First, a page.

Indiana Daily Student

Monroe County Public Health Clinic announces ‘Super Shot’ clinics for children ages 5-11

<p>Three vials of the Moderna COVID-19 vaccine are pictured in 2021. The Monroe County Public Health Clinic announced in a press release they will partner with local school systems to hold “Super Shot” clinics to administer the Pfizer COVID-19 vaccine shot to children 5 tohrough 11 years old.</p>

Three vials of the Moderna COVID-19 vaccine are pictured in 2021. The Monroe County Public Health Clinic announced in a press release they will partner with local school systems to hold “Super Shot” clinics to administer the Pfizer COVID-19 vaccine shot to children 5 tohrough 11 years old.

The Monroe County Public Health Clinic announced in a press release they will partner with local schools for “Super Shot” clinics to administer the Pfizer COVID-19 vaccine to children 5 to 11 years old starting Nov. 18.

Parents will soon be able to schedule appointments for their children to be vaccinated at both Edgewood Primary School and Bloomington High School South. Edgewood is offering a three-hour time slot starting at 4 p.m. Nov. 18 for children to receive their first dose and another slot from 4 to 7 p.m. on Dec. 9 for the second dose.

Bloomington High School South will also offer two slots for first and second dose vaccinations. The first will be from 8 a.m. to 2 p.m. Nov. 20 and the second will be Dec. 11 during the same time window.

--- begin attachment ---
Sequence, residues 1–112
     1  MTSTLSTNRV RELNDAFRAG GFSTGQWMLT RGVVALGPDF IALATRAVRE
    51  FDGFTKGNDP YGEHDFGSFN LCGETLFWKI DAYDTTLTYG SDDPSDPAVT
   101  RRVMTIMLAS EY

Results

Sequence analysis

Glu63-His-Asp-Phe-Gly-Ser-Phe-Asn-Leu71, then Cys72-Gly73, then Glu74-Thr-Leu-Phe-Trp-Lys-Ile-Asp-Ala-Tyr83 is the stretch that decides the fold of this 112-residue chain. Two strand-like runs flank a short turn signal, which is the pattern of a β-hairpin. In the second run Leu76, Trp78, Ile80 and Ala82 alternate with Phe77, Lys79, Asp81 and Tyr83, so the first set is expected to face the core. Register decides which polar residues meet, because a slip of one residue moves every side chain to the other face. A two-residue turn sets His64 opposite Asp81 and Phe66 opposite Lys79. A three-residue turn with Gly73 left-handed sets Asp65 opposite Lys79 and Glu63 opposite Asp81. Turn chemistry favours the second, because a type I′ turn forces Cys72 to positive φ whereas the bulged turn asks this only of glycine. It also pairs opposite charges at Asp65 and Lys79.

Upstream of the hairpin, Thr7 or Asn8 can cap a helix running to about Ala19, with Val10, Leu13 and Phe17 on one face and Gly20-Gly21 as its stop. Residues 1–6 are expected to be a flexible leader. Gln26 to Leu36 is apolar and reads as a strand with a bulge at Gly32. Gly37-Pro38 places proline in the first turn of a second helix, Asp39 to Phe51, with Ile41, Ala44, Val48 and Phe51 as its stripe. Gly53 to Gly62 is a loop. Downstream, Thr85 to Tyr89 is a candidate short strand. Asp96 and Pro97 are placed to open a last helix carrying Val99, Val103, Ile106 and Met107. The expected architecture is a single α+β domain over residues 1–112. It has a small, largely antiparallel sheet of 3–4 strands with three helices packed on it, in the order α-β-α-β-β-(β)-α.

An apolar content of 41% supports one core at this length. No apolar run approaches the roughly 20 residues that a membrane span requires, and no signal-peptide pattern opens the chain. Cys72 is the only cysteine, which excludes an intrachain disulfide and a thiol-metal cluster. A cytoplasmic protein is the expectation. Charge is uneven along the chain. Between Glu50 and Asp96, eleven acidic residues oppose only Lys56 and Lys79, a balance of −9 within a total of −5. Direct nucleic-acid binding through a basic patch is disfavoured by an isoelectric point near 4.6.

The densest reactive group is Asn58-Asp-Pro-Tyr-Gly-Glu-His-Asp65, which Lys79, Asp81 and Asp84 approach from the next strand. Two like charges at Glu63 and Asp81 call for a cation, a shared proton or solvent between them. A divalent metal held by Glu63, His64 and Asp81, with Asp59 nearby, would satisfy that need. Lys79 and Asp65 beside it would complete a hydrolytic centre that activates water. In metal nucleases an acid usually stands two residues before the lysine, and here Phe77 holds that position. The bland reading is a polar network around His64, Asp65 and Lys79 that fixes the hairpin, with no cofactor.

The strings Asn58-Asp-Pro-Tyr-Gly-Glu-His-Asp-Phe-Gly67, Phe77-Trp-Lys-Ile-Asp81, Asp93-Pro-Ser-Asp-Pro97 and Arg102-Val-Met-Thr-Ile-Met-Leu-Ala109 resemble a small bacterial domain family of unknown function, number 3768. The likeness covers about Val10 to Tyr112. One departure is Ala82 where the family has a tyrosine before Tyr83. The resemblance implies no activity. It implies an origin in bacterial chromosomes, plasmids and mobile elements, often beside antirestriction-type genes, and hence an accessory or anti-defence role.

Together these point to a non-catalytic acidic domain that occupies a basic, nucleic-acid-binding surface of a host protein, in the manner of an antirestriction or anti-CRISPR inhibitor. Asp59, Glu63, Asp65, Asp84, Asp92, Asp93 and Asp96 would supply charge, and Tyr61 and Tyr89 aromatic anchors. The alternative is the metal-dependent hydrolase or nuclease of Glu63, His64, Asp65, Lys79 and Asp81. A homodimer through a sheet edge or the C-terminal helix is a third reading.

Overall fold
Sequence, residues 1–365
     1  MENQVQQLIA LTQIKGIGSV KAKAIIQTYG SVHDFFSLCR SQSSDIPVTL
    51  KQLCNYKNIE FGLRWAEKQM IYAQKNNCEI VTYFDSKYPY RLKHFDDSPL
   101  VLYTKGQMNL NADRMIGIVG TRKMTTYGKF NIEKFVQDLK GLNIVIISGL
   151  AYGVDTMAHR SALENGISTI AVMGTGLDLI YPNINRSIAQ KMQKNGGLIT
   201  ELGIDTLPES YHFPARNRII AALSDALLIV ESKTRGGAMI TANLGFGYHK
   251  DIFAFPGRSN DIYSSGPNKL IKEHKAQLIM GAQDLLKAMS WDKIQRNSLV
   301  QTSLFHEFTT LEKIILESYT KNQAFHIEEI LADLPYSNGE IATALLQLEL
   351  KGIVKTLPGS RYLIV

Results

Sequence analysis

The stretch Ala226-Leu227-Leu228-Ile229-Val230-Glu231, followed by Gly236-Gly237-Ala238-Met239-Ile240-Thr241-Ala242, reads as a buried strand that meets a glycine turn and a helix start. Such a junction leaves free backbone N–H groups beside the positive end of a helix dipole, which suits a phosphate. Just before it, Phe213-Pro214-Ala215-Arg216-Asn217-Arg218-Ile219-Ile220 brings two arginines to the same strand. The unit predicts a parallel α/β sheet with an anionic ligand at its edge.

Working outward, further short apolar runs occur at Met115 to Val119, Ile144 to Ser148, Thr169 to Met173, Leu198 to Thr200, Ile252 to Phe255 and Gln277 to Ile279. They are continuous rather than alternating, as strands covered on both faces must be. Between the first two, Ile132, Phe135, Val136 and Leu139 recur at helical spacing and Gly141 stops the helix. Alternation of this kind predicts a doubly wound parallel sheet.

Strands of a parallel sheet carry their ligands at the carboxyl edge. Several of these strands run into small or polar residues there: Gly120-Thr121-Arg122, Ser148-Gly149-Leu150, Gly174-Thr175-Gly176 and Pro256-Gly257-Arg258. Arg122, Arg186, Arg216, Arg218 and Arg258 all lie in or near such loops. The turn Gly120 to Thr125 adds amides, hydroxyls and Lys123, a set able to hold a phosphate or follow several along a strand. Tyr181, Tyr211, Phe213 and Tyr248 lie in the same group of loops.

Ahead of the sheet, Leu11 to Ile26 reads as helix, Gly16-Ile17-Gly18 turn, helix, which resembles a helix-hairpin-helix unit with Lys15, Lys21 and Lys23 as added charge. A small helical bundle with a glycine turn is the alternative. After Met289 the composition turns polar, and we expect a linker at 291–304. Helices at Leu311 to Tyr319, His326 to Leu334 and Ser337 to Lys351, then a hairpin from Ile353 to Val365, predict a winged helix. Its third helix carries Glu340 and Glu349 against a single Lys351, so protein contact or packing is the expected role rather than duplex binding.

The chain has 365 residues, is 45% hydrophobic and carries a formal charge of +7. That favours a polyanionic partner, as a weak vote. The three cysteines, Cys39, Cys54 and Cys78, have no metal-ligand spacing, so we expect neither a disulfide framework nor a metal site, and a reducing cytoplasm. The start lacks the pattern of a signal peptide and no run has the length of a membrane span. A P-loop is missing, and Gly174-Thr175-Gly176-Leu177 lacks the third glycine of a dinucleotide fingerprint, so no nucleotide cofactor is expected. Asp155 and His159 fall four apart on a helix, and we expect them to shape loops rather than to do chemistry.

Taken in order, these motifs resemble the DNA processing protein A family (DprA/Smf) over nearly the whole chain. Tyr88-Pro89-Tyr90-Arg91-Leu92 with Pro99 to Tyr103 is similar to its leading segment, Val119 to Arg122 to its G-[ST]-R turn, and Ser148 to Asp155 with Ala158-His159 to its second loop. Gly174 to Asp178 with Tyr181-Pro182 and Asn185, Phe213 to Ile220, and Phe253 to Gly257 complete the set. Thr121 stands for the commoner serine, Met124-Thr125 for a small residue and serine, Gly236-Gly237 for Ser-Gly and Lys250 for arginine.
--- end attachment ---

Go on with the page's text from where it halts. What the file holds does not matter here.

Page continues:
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Public health nurses will be providing vaccinations for children in this age range during regular school days for schools that request for this assistance. Children can also receive vaccinations at local pharmacies and from their pediatrician during a routine visit.

Families can also receive vaccinations from mobile clinics at the Indianapolis Motor Speedway parking lot. The Indiana Department of Health is offering these clinics Tuesdays through Fridays from 4 to 8 p.m. and on Saturdays from 8 a.m. to 12 p.m. until Nov. 20.

These clinics follow the Centers for Disease Control and Prevention Director Dr. Rochelle Walensky’s endorsement of the CDC panel’s unanimous recommendation Nov. 2 to offer the vaccine to children in this age range.

Similar to adult vaccines, these doses will be administered twice, at least 21 days apart from each other. The pediatric dose only contains one-third of the regular sized dose, but it is still 90.7% effective, according to the Food and Drug Administration.

Some children may experience side effects similar to those of the adult vaccines. These may include sore arm, headache, fatigue, fever, muscle pain, swollen lymph nodes, nausea and a decrease in appetite.

For more information regarding vaccination in children and teens, visit the CDC’s COVID-19 Vaccines for Children and Teens page.

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